Curator's Introduction

The Love Armor Project is the result of the ardent will and indefatigable conviction of a single artist in a generous and talented national community ready for action, hard work, and change.

When I first discussed the prodigious concept of The Love Armor Project with artist Shirley Klinghoffer and collaborating artist Sarah Hewitt in the spring of 2007, it struck me as an extraordinarily ambitious, unwieldy, and compelling undertaking. Shirley aspired to create a network of artists, knitters, and friends to knit a fifteen foot "cozy" for a Humvee M1026—a war vehicle currently employed in both Iraq and Afghanistan—as a demonstration of peace, forgiveness, and hope. The idea seemed sublime both in scale and concept and I assured her that if this project ever came to fruition the Center for Contemporary Arts would proudly host its debut.

As we further discussed the massive knit white object that would softly envelope one of the most iconic symbols of the modern American Army, my mind unintentionally strayed to the archetypal grandmother's kitchen where carefully handmade cozies swathe teapots and toasters, ready at a moment's notice to comfort a skinned knee, a feverish child, a broken heart. This absurd image somehow magnified the projects potential to compel audiences in surprising and unexpected ways. The idea of a hummer cozy is as ridiculous as it is comforting and I knew that properly realized The Love Armor Project could be both an artistic tour de force and an undeniably solemn social critique.

With references to feminist textile and anti-war art of the 1960's and 1970's by such iconic artists as Louise Bourgeoise, Magdalena Abakanowiz, and Judy Chicago, the Love Armor Project deviates from its precedents in deliberate social inclusion and gentle forgiveness. The cozy stems from a medium and tradition of domesticity and comfort. Knitting is a meditative and reflective process—a coming together of people, lives, and stories. The participants of the Love Armor Project—male and female and ranging in age from 6 to 82—plaited skills, patterns, and experiences to weave new narratives, offer solace, and to become a part of a project larger than the sum of its individual participants.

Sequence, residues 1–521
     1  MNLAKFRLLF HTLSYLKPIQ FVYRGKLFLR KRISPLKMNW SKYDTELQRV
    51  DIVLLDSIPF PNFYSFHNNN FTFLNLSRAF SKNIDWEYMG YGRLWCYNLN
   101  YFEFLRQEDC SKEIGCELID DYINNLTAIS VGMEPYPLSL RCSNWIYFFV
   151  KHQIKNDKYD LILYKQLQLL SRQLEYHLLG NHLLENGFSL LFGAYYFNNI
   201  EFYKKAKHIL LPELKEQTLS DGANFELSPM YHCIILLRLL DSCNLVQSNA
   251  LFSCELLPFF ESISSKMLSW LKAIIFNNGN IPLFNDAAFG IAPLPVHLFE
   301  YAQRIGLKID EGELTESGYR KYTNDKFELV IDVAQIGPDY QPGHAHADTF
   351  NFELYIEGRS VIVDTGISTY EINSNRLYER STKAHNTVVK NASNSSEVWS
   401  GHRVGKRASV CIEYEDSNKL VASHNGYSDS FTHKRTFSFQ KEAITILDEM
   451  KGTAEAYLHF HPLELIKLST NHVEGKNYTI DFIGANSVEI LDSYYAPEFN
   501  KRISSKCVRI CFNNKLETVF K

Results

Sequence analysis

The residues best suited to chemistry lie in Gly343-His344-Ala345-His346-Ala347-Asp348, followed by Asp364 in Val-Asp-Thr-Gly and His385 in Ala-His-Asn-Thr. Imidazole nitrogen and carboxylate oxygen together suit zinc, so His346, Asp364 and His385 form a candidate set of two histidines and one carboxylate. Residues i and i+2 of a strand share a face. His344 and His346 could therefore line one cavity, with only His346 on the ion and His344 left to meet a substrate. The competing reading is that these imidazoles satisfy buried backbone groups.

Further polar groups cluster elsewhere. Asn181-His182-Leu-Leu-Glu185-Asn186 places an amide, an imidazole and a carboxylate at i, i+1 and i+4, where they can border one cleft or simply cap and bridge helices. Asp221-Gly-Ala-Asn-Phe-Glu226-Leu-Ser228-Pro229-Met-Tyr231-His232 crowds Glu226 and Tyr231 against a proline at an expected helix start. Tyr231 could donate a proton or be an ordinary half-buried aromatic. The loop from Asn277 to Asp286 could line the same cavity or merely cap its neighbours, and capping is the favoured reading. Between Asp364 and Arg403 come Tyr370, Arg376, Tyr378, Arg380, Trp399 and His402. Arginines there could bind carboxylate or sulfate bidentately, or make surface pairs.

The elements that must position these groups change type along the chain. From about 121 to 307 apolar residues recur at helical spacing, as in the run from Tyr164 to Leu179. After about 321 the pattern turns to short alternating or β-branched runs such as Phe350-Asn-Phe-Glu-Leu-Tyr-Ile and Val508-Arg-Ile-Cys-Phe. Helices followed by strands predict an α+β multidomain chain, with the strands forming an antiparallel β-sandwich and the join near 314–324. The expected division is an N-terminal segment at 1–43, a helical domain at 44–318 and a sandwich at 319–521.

When the Love Armor Project debuted in New Mexico in September 2008 it exceeded all expectations. The cozy and its subsequent documentary films, photographs, letters, and site-specific musical performance awed Santa Fe audiences. The US military stunned us all by not only agreeing to allow a Humvee to be measured and fitted for the cozy patterns, but to loan the Center for Contemporary Arts a Humvee M1026 for a week of the exhibition. The New Mexico National Guard drove the massive vehicle into the exhibition space while CCA patrons, artists, military personnel, and members of the press watched. The attendant members of the military, male and female veterans of Iraq and previous wars, seemed proud and touched to have this object of art and symbol of hope draped over their massive war machine.

At the end of the week, the Humvee returned to the National Guard and the cozy hung suspended in the 6000 square foot exhibition space. Without an object to envelope, the cozy became a mute testament to loss and hope. As art critic Jon Carver stated in his review of the Santa Fe exhibition, "Milan Kundera called it 'the laughter of angels,' when something lifts and unburdens your heart finally, after a long time of despair. The floating cozy, after the Humvee M1026 was driven out, achieved this lifted elegiac emotion via presented absence."

The Love Armor Project impacted Santa Fe in a singular and profound way. Its debut exhibition space, The Center for Contemporary Arts' Muñoz Waxman Gallery, was built during World War II as a tank repair station. In 1941, over 800 New Mexico soldiers were sent to the Philippines as members of the 200th Coast Artillery Regiment. While there, the soldiers were overwhelmed by the Japanese and forced to endure the notorious Bataan Death March and subsequent internment as prisoners of war. Only one-half of these young men returned home three and a half years later. The Love Armor Project is not only about war in Iraq and Afghanistan; it is about recognizing and honoring all war wounds past and present.

The Love Armor project offers a simple and impressive proposition—a world of community, unity and compassion. The Love Armor Project received letters of support from men and women in active military duty, veterans for peace, mothers of lost soldiers, and adamant anti-war protestors. These disparate groups stood side by side when the Humvee arrived and again as it departed. In these brief moments of grief and remembrance everyone stood together in silent accord. The Love Armor Project is an intricate homage to men, women, and children of all eras and nationalities. As a symbol of our delicately intertwined lives and destinies the Love Armor Project holds within its threads the promise of community, compassion, and change.

Cyndi Conn
Visual Arts Curator
LOVE ARMOR PROJECT   |   LAP COMPLETED   |   CURATOR'S INTRODUCTION   |   NOTES FROM LAP PARTICIPANTS   |   NOTES FROM LAP VIEWERS
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